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The greatest Italian sculptor of modern times, b. at Possagno, in the province of Treviso, 1 November, 1757; d. at Venice 13 October, 1822. Educated by his grandfather, Pasino Canova, a stone-cutter of unusual ability, the boy could model in clay and carve little marble shrines before he was ten. The attention of Senator Giovanni Falieri was attracted to the child, whom he placed with the sculptor Torretto at Bassano, where he worked for two years. Canova then went back to his grandfather; but Falieri's sons interceded for their playmate, and the boy-artist was invited to the palace in Venice. After one year under Torretto's nephew, he spent the next four years in independent efforts. He owed his first workshop to the kindness of certain monks who gave him a vacant cell for a studio. In his sixteenth year he modelled his first statue, "Eurydice"; three years later he produced the "Orpheus", both now in the Villa Falieri at Asolo. Then came the "Daedalus and Icarus", a remarkable group, dramatic and full of movement (Venice Academy). In 1780 Canova went to Rome, where he came into contact with the antique from which his talent received fresh energy, and he applied himself earnestly to its study. "Theseus and the Minotaur" (1782) is one of his best works (Volksgarten, Vienna). In 1787 the young sculptor executed the monument to Clement XIV in the church of the Santi Apostoli at Rome. The noble figure of the pontiff is seated, the right hand stretched forth in benediction. His next work was the elaborate tomb of Clement XIII in St. Peter's, with the admirable "Lions of Canova" at the base. In 1793 he did the Cadenabbia "Psyche and Cupid", a graceful composition of exquisite lines; and in 1796 the life-size "Kneeling Magdalen" (Cadenabbia) and the "Hebe" (Berlin). The year following saw the "Psyche and Cupid" of the Louvre. In 1800 Canova made the "Perseus" which stands grouped with his two boxers, "Kreugas and Damoxenus", in the Gabinetto Canova of the Vatican Gallery.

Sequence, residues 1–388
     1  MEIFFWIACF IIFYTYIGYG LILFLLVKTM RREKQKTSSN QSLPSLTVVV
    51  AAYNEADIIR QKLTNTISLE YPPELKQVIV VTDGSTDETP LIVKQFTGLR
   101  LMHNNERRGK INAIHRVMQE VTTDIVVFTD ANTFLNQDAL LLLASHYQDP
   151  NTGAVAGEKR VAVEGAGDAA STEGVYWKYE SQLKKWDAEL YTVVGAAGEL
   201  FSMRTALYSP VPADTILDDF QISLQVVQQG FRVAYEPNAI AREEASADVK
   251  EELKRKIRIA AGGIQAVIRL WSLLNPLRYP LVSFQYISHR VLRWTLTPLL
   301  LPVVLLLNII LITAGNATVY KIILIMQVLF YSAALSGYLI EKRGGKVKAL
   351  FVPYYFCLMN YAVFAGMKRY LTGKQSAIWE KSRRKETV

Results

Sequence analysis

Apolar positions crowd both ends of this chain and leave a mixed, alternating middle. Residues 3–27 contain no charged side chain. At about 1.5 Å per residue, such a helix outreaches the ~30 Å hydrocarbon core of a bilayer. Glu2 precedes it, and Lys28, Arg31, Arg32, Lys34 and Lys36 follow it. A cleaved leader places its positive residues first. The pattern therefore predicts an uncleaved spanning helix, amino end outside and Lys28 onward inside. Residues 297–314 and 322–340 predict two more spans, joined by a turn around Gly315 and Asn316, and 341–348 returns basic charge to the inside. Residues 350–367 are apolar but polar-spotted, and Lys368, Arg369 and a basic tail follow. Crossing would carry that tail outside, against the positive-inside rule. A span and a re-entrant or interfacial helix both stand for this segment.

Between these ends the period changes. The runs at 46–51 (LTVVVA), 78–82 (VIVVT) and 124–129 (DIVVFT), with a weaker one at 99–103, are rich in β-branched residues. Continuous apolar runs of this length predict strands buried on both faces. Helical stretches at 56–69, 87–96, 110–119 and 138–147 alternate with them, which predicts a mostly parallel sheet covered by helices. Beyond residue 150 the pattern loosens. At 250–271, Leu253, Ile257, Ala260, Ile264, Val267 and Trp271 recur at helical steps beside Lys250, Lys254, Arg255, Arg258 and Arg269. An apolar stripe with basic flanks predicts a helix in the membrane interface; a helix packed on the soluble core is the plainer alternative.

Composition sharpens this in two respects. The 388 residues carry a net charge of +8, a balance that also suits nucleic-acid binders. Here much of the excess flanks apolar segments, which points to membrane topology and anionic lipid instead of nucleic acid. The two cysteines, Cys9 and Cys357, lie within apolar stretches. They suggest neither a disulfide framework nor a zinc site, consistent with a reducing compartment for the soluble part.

In 1802, by special request of Napoleon I, he went to Paris and modelled a colossal figure of the emperor, holding a Victory in his hand (Apsley House, London). His "Bust of Napoleon" is in the Corcoran Gallery, Washington. Some years later Canova modelled a noble statue of Napoleon's mother in antique garb; one of Marie Louise as "Concord" (Parma) and the reclining portrait of Pauline Bonaparte, wife of Prince Borghese, as "Venus Victrix" (Villa Borghese, Rome). The colossal, boyish "Palamedes" for the Villa Carlotta, Cadenabbia (1804), was followed next year by the "Venus from the Bath" (Pitti Palace, Florence). At the same time Canova was engaged upon the monument for the Archduchess Maria Christina, a group of nine mourning figures entering a mausoleum (church of the Augustinians, Vienna), and travelled to Austria to superintend the setting up of the work. In 1807 he executed the "Bust of Pius VII", one of his most notable achievements in portraiture. The number of his productions is so large that it is impossible to mention minor ones. Some of his lighter subjects, "his leisures" he called them, are well known, e.g. the "Dancing Girls". In 1814 he produced the "Three Graces".